Driving The Discussion….
Yesterday, RNC Chairman Reince Priebus was on ABC’s This Week, where he expressed his confidence that the GOP will take back the U.S. Senate. Republican National Committee Chairman Reince Priebus expressed confidence Sunday morning that Republicans can win control of the Senate this November, even as polling shows Democrats have recently seized momentum in some key races. “I’m very confident we can take the Senate,” Priebus said on ABC’s “This Week With George Stephanopoulos.”
In Maine, Politico’s Morning Score previews – MAINE SENATE-NRSC ENGAGES KING: Things are heating up in Maine. Angus King is reportedly holding an 11 a.m. press conference in Portland tomorrow to attack outside money generally and the NRSC’s statewide ad that went up Friday specifically (watch: http://goo.gl/1xJ1S ). State and national Republicans plan to pre-empt that presser with releases highlighting key questions for King. One of their talking points will be that their ad highlights people who live in the area affected by his wind farm project while King’s ad features actor Sam Waterson, who doesn’t live in Maine. They’ll also draw attention to reports he was in DC to raise money from Democratic lobbyists last week.
- Meanwhile, Republican nominee Charlie Summers writes in the Portland Press Herald about how onerous regulations and higher taxes are hurting America’s small businesses. This all confirms what Mainers already know: We are in the midst of one of the slowest economic recoveries in history, and our nation is on the wrong path. The policies coming out of Washington and this administration simply are not working. Clearly we need to go in a new direction. We’ve tried Washington’s way, now let’s try the Maine way — the small-business way. The Maine way preserves middle-class tax cuts. Raising taxes on anyone in this economy is a bad idea, but hiking taxes on middle-class Mainers would be devastating.
- And Summers met with the Portsmouth Herald editorial board where he discussed the importance of working across party lines to get things done for the United States. Charlie Summers, Republican candidate for the U.S. Senate from Maine, said he sees himself as in the long line of Maine senators from Margaret Chase Smith to George Mitchell to Olympia Snowe. “At the end of the day, your responsibility is to move forward. That means working with people on both sides of the aisle,” he said.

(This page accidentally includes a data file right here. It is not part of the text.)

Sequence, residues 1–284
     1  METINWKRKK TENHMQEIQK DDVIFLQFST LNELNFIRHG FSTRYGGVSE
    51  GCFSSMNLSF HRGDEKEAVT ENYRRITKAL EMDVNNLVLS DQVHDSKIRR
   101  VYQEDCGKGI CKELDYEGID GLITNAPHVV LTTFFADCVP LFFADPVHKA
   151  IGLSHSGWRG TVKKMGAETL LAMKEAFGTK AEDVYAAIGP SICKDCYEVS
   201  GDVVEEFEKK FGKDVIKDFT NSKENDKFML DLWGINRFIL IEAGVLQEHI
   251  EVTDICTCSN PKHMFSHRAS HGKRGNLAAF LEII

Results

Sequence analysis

In Massachusetts, the Boston Globe reports that former Democratic Mayor Ray Flynn joined Scott Brown on the campaign trail this weekend. In a Senate race that has turned on issues of class and authenticity, Flynn, a figure inextricably linked with blue-collar South Boston, personifies an important, if arguably dwindling, bloc of voters that Brown needs to capture. On Saturday, Flynn joined Brown as the senator shook hands at Castle Island.
- Meanwhile, the Globe reports that Brown has a new ad up reminding voters of his bipartisan record. In another new television ad, Senator Scott Brown again takes to his truck, this time emphasizing the theme of bipartisanship, while continuing his push for women voters. The latest 30-second spot, which will begin airing Monday, features Brown driving to the Shrewsbury home of Diane Gilfoy-Henry, an unemployed single mother, for a conversation at her kitchen table.
- Finally, Morning Score also reports - After months of positive bio spots, Massachusetts Sen. Scott Brown will go on the air with an ad that highlights the firestorm over Democrat Elizabeth Warren identifying herself as a Native American to employers. It ends with a devastating clip from a TV interview. The reporter asks, “Is there anything else that’s going to come out about you that we don’t already know?” Warren, trying to be funny, responds, “You know, I don’t think so. But who knows?” The Brown campaign notes that Warren went negative first, running two ads attacking his record, and that this Native American stuff matters. A campaign strategist flags a Suffolk Poll from last week that showed the third word most associated with Warren is “liar”: http://goo.gl/aA4Cz. Dave Catanese reported over the weekend that the race is entering a new, more negative phase: http://goo.gl/w9Ini.